The Digital Page Reader is an open source tool designed to represent textual genesis in a dynamic and intuitive manner. The Reader consists of 2 linked panes for each document page. The pane on the left contains a transcription of the page, incorporating, in the case of revised documents, a chronological listing of each set of revisions. The pane on the right contains an image of the page, with each point of revision highlighted. In linking the temporal aspect of a revision – the point in time at which it was made – and its spatial aspect – the point in space it occupies on the page – the Digital Page Reader comprises a temporal-spatial map of the genesis of the text, of the kind associated with Geographical Information Systems. The best way to familiarize oneself with the Reader is to view it and use it, but what follows is a brief account of its main features. Most are fully functional but some are currently under development (see below). When The Digital Page becomes publicly available, in the summer of 2015, a fuller description of the features of the Digital Page Reader will be included.
The transcription pane records the process of revision, using a different colour-coded letter to mark each distinct revision session. The focus is on narrating the revision process (first she did this; then she did that) rather than on providing verbal or symbolic equivalents of the physical appearance of the page (e.g., interlinear, marginal, overwritten, cancelled, <inserted>), which, with the availability of the page image, are redundant. One of two sliders at the top of the transcription pane allows the user to view the entire revision process – say, sessions A through F – at once, or to focus on any of its stages – say, session C or sessions B through E. This slider not only provides an intuitive way of comparing various stages of revision without the use of intrusive symbols and abbreviations; it also allows the user to re-enact the revision process dynamically, as variants appear and disappear with the movement of the slider. The second slider allows the user to view any stage of the revision process in 3 different formats: 1) the default Process format, indicating the revision process, as above; 2) the Product format, indicating the final result of the revision process for each session – that is, the text produced at the end of that session; and 3) the Reading Text format, a clean, emended and regularized version of the text produced at the end of each session. For unrevised texts, of course, only the Product and the Reading Text formats are relevant. A slightly revised version of the Digital Page Reader will be used for the catalogue raisonné of the Visual Art volume. Up to this point, development of the Reader has focused on “intraversional” variants, that is, variants within a particular text, rather than on “interversional” variants between texts, since the first of these present by far the more complex coding issues. The next phase of the Reader’s development will employ “revision point editing” (Bryant, 2002) to indicate “interversional” variants. It will enable the user to begin at any point in any version which varies from the equivalent point in one or more of the other versions, and to pull up a complete list of interversional variants at that point, without arbitrarily foregrounding any text as the “best” starting point.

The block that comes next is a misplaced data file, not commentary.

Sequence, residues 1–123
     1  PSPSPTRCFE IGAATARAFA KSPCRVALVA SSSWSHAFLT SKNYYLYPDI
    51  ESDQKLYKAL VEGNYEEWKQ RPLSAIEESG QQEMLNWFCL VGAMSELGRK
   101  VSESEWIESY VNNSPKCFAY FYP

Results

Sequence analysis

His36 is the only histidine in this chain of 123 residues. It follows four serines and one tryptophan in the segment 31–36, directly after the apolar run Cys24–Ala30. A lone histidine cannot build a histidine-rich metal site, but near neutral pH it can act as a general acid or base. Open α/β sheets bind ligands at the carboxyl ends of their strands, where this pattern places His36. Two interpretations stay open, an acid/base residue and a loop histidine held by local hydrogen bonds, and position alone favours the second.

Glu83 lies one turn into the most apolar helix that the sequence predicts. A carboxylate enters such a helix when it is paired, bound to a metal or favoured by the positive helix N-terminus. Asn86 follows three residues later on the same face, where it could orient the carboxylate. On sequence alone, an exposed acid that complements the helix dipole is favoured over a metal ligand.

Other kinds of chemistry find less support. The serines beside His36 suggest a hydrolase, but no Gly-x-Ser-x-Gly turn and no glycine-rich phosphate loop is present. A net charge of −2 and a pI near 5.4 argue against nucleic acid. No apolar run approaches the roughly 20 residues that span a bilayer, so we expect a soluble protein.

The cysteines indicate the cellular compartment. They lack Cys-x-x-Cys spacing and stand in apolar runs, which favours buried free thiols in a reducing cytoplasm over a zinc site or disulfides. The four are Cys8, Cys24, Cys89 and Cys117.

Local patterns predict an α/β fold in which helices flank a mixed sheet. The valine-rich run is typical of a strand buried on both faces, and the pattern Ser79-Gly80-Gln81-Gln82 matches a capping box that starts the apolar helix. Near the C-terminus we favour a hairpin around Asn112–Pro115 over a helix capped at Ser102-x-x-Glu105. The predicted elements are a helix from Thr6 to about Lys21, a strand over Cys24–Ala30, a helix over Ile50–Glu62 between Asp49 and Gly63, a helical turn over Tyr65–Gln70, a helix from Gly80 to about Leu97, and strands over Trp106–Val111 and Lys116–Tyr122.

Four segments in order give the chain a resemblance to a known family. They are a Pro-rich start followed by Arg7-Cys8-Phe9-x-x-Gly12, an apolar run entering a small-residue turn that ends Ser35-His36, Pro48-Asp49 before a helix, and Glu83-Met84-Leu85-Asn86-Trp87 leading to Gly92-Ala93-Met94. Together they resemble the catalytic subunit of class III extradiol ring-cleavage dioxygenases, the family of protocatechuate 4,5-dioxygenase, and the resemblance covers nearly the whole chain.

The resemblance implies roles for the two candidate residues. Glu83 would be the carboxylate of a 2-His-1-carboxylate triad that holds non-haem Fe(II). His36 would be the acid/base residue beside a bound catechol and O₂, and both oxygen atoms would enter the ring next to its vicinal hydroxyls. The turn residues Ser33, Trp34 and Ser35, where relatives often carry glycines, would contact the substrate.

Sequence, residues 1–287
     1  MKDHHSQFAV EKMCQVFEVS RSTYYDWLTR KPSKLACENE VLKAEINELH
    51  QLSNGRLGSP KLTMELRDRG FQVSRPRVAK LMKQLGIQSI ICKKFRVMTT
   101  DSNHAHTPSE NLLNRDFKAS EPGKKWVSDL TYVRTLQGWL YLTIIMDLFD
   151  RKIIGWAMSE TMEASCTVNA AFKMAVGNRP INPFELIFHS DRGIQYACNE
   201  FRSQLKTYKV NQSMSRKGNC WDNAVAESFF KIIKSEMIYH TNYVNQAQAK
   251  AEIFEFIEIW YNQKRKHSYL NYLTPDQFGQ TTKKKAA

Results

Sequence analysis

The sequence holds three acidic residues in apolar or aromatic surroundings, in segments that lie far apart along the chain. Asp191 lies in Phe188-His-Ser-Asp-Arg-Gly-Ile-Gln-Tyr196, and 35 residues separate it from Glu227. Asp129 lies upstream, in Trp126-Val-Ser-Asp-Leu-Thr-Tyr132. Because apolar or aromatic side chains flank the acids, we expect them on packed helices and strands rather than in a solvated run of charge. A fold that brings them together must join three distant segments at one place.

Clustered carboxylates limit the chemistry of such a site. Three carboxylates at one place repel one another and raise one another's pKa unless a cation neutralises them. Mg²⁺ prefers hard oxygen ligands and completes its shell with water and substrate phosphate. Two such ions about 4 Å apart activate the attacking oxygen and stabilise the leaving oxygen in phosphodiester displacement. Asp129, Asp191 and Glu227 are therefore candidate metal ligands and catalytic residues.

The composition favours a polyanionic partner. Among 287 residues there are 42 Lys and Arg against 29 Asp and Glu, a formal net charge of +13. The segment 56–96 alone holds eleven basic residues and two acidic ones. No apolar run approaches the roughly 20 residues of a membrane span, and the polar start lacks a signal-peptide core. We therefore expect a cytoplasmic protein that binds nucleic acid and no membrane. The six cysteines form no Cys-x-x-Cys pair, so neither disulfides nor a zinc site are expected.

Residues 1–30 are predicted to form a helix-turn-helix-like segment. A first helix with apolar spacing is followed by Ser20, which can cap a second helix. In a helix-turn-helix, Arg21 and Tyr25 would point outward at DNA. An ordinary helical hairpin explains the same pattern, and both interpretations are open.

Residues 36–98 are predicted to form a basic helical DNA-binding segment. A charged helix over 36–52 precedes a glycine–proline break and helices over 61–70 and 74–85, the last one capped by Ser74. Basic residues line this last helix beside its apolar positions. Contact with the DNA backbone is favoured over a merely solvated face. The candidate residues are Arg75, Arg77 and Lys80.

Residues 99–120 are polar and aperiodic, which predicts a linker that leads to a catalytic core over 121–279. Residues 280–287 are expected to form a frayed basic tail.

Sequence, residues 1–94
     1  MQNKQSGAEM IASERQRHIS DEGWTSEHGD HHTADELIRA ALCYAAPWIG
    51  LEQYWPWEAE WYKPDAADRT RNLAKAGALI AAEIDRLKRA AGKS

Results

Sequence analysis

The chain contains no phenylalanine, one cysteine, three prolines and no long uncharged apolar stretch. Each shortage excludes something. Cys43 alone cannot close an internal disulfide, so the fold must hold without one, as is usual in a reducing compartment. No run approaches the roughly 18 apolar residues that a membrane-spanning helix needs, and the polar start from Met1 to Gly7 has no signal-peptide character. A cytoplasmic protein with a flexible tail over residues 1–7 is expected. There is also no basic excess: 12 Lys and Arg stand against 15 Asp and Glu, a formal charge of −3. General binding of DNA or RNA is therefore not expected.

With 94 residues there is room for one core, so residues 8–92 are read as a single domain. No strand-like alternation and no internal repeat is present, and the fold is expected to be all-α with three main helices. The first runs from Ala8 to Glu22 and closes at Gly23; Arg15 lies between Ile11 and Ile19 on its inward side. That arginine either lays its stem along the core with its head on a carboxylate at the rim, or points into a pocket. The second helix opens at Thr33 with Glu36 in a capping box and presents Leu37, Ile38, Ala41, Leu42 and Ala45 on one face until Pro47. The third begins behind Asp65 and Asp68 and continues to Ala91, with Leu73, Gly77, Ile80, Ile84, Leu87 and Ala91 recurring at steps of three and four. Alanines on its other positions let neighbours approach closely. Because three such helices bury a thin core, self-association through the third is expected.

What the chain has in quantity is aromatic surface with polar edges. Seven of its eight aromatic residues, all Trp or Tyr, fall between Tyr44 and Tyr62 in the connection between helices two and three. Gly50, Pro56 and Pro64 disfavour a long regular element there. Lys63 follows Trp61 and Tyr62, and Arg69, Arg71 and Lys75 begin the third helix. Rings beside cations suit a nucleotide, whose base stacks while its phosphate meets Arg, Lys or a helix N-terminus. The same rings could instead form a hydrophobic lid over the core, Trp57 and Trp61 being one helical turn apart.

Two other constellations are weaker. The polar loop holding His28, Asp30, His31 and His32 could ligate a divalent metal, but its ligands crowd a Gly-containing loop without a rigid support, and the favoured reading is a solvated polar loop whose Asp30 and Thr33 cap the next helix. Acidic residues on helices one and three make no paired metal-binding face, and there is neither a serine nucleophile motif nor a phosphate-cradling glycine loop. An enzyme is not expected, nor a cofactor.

The image pane contains the document image with revised areas marked off by polygons which appear when the cursor moves over the corresponding transcription in the transcription pane. It has a zoom feature. Currently being implemented is linkage from the opposite direction: from image to transcription. When the cursor moves over a polygon in the image pane, the corresponding transcription in the transcription pane will be highlighted. Currently, passing the cursor over the image page will cause the polygons to appear, but all in the same colour. Eventually the polygons will be colour-coded to correspond to the colour-coding of the sessions of the revisions which they mark off.